Visitors, Crescent Venus, Crescent Moon,
61 Cygni Proper Motion
Posted: 22 July 2015
Before I opened the observatory, I saw this Lesser Goldfinch who came for a visit:
Open: Tuesday, 21 July 2015, 1829 MST
Conditions: Partly cloudy, breezy
1838 MST: viewed Venus, 83X. Then set up to image Venus using the D7200 DSLR. Mounted the camera at prime focus + 2X PowerMate and did some 15 seconds HD video recordings, 1.3X crop factor, 60 fps, ISO 400. This is a stack of 936 frames, 1/400sec:
1846 MST: switched to the Baader 8-24mm Zoom Eyepiece. The view of Venus was really nice at 250X. Then viewed Jupiter. 1852 MST: returned to Venus but thin clouds were now messing up the view. I was expecting some (people) visitors so hoped that the sky conditions would cooperate. 1922 MST: Venus was now an easy naked eye object before sunset. 1932 MST: sunset.
Slewed to the crescent Moon and viewed it at 83X. Mounted the D7200 DSLR at prime focus for this image through thin clouds, 1/400sec, ISO 640:
1939 MST: my guests arrived. They brought their new Celestron 4.5" Newtonian reflector on a non-computerized German Equatorial Mount in order for me to check it out and provide some basic instruction on its use. I first let them look through my Meade 8" LX200-ACF in the observatory. Showed them Venus, Jupiter, the Moon, and finally Saturn. 2009 MST: we set up their telescope on the observatory patio and I began checking it out. I explained how to set up the tripod for proper polar alignment and how to use the Right Ascension and Declination slow-motion controls. The red-dot finderscope had a couple of issues: it would not focus nor did its adjustment have enough travel to optically center the red dot when the main telescope was on an object. But we worked through those issues and viewed the Moon and Saturn through the Newtonian telescope. 2125 MST: having finished with the telescope initial set up and operation, my visitors left. Glad the clouds mostly cooperated during their visit.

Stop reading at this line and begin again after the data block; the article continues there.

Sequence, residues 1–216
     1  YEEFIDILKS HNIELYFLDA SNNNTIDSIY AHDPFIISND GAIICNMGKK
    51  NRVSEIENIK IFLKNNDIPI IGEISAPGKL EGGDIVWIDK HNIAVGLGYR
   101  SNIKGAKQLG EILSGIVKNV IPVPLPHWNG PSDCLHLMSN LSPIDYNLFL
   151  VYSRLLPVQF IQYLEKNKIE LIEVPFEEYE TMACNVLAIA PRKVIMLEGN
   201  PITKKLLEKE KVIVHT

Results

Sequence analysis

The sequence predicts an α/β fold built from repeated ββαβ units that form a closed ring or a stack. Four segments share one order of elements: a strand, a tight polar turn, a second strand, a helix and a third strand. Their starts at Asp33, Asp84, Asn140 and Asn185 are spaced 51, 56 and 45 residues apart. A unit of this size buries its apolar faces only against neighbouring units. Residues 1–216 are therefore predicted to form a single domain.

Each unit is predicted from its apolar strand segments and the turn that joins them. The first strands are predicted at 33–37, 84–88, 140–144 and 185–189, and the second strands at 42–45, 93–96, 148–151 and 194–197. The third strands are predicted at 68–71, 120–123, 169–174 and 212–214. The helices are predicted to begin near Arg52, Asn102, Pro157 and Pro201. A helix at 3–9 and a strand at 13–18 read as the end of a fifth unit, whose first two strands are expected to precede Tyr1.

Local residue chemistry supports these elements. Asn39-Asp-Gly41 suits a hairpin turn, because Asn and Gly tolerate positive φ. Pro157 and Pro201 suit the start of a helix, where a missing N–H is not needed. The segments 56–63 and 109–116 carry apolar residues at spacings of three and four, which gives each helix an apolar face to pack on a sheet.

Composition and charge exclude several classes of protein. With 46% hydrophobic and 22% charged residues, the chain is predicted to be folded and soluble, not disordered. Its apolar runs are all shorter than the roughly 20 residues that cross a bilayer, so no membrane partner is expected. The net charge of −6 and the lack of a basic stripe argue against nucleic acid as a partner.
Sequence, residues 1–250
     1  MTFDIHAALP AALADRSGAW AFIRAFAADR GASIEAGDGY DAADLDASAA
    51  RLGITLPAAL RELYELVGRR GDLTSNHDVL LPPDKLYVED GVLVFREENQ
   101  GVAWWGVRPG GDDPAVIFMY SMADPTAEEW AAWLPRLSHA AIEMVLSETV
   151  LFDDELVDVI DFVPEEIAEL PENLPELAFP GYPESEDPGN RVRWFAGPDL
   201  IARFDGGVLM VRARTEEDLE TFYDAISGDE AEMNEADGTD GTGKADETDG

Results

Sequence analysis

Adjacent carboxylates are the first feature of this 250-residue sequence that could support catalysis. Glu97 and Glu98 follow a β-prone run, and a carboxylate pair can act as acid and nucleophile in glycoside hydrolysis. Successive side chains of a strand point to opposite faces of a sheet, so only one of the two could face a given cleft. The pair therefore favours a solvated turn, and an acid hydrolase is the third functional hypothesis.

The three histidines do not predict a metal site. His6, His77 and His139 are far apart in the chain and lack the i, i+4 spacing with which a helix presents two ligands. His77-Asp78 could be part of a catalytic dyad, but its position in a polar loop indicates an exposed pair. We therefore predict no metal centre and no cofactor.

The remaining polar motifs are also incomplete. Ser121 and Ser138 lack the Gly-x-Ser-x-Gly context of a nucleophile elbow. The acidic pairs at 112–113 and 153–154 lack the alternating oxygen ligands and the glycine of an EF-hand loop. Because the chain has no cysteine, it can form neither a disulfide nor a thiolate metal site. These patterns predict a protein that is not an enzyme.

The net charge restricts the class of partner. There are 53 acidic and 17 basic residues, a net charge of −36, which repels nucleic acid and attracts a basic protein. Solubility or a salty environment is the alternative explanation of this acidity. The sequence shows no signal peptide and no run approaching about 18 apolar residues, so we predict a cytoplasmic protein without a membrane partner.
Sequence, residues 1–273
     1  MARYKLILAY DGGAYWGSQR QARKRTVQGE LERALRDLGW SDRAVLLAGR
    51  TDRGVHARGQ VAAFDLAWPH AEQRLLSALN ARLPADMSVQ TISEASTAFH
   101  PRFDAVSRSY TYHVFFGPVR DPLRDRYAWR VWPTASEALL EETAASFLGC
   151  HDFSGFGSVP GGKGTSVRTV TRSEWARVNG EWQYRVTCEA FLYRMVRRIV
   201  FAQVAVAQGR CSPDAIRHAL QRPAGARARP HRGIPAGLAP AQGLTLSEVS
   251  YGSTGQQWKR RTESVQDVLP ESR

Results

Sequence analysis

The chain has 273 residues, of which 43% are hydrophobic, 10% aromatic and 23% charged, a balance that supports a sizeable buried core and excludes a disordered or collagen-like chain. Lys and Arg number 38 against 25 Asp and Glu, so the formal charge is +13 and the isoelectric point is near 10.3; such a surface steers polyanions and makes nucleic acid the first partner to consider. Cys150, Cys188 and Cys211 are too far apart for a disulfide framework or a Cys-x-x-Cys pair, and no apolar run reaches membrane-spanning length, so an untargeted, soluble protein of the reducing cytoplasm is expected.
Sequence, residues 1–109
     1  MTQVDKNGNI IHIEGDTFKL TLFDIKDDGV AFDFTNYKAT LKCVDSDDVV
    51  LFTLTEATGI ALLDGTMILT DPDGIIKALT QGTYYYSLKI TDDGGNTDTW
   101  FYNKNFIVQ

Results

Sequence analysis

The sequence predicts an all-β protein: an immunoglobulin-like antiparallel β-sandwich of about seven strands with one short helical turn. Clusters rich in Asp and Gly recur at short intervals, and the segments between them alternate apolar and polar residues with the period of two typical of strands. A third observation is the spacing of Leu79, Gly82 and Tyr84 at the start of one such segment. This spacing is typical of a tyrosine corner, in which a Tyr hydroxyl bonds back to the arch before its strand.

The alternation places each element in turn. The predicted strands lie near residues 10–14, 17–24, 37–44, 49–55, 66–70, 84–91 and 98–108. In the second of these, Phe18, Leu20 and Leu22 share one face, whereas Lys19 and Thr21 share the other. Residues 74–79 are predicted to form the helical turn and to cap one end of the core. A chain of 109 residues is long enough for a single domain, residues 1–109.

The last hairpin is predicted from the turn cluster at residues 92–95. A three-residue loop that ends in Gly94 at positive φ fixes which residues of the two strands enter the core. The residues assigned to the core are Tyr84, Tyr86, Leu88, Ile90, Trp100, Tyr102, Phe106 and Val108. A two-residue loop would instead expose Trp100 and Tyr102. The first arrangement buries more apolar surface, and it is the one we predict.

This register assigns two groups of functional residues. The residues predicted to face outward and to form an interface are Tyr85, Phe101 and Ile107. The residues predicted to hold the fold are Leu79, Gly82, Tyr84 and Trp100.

Unfortunately, the clouds were now in much of the sky at this point. The constellation of Cygnus was only partially obscured by thin clouds so I decided to try to image the nearby (11.4 Light Years away) double star 61 Cygni. I had imaged it one year ago (21 July 2014) and I was hoping to show the stars proper motion over the past year. I powered on the GC Wi-Fi Adapter and used SkySafari Pro to GOTO 61 Cygni. I compared the view (through thin clouds) at 83X with the image from 2014 and I could see that the double star system had moved a little further away from a faint more distant star. I set up to image 61 Cygni. Mounted the D7200 DSLR at prime focus + 2X PowerMate. Did a focus test on the star Deneb using the Bahtinov Mask and then slewed back to 61 Cygni. The double star was visible in the camera viewfinder. I continued to monitor the clouds in Cygnus and decided the conditions were not improving. At 2150 MST I took this image through thin clouds, 5 seconds, ISO 1600:
During post-processing I combined the image from 21 July 2014 with the image from 21 July 2015. This animated GIF shows the proper motion of 61 Cygni in one year:
Notice the movement of the double star 61 Cygni away from the close faint star. The "movement" of the other stars in the frame is due to changing cameras during the year. I used a D7000 in 2014 and the D7200 in 2015.
2152 MST: ended imaging. Unfortunately, thicker clouds now covered most of the southern sky. I had planned to do a confirming iPhone image of Pluto to compare to the image taken on the previous session. I checked a satellite image and could see that more extensive clouds were on the way from Mexico. Decided to give up for the night.
Close: Tuesday, 21 July 2015, 2220 MST
Session Length: 03h 51m|
Conditions: Mostly cloudy
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